As with anything I learn on the guitar, I'm always looking to push new techniques as far as I can while maintaining musicality. Once I've mastered it at an extreme level, it's easy to pull it back and apply parts of the technique to my soloing and improvisation.
No matter what level you're at, you should always look to practice things that are challenging. This is how you'll develop your technique and understanding of music and the guitar.
This doesn't mean you have to play licks like these at lightning speed or even be able to play the whole lick; rather you should simply try and understand the techniques and apply them to your own style. I find the best way to do this is to incorporate the new idea into a song/riff or a solo you've been working on. That way, you'll really cement the idea physically and mentally.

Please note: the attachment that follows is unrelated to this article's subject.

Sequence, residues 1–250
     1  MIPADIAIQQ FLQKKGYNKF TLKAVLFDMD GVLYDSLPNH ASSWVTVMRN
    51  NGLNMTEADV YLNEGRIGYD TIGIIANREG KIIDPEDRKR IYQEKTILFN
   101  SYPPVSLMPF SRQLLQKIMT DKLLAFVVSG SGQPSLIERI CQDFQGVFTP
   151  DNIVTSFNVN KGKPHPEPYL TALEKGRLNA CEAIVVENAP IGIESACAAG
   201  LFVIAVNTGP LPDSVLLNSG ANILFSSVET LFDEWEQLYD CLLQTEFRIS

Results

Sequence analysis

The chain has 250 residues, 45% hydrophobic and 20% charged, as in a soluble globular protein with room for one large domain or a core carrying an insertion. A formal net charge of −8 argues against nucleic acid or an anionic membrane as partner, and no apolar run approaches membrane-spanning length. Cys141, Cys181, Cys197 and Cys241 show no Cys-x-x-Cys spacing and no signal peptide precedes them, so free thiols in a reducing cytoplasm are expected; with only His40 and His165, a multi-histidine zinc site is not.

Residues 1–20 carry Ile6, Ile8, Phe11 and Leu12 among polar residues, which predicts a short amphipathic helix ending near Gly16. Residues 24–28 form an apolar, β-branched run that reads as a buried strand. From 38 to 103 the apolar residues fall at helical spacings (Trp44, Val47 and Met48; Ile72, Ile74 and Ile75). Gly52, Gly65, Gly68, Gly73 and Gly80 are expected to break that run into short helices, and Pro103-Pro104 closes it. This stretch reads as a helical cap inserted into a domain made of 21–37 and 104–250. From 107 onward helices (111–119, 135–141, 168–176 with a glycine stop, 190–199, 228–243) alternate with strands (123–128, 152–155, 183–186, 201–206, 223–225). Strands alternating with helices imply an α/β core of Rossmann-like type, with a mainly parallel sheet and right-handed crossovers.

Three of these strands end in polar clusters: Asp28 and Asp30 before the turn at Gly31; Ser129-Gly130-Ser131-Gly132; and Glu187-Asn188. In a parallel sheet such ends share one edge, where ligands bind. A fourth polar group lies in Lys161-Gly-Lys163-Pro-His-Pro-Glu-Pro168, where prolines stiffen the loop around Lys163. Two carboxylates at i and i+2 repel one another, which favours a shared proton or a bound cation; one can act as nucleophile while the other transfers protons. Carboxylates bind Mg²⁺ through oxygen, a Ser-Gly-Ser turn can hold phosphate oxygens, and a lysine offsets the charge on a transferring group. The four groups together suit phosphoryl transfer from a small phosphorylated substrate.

This lick consists of legato and tapping only; there are no picked notes. The secret to making these techniques work is to try and hit the notes as firmly as possible. You want them to sound as though they're being picked. It's a little tricky to get the hang of it, as it is not something we normally do on the guitar, but with some solid practice you'll get the gist!
You'll notice that the patterns and shapes of this lick start to repeat. This is one of the beauties of working with the diminished 7th scale; we can take one shape and simply move it up and down the neck in minor 3rds. Obviously in this lick I'm using quite a few different patterns, but you'll start to recognize the repeating shapes very quickly.
There's a section of this lick where I swing my left hand over the top and play a three-note-per-string legato line on the E and D strings. This is a very difficult line, but certainly one that will blow your friends' minds! It's not important to play this lick, but it's a true challenge, so just have some fun with it.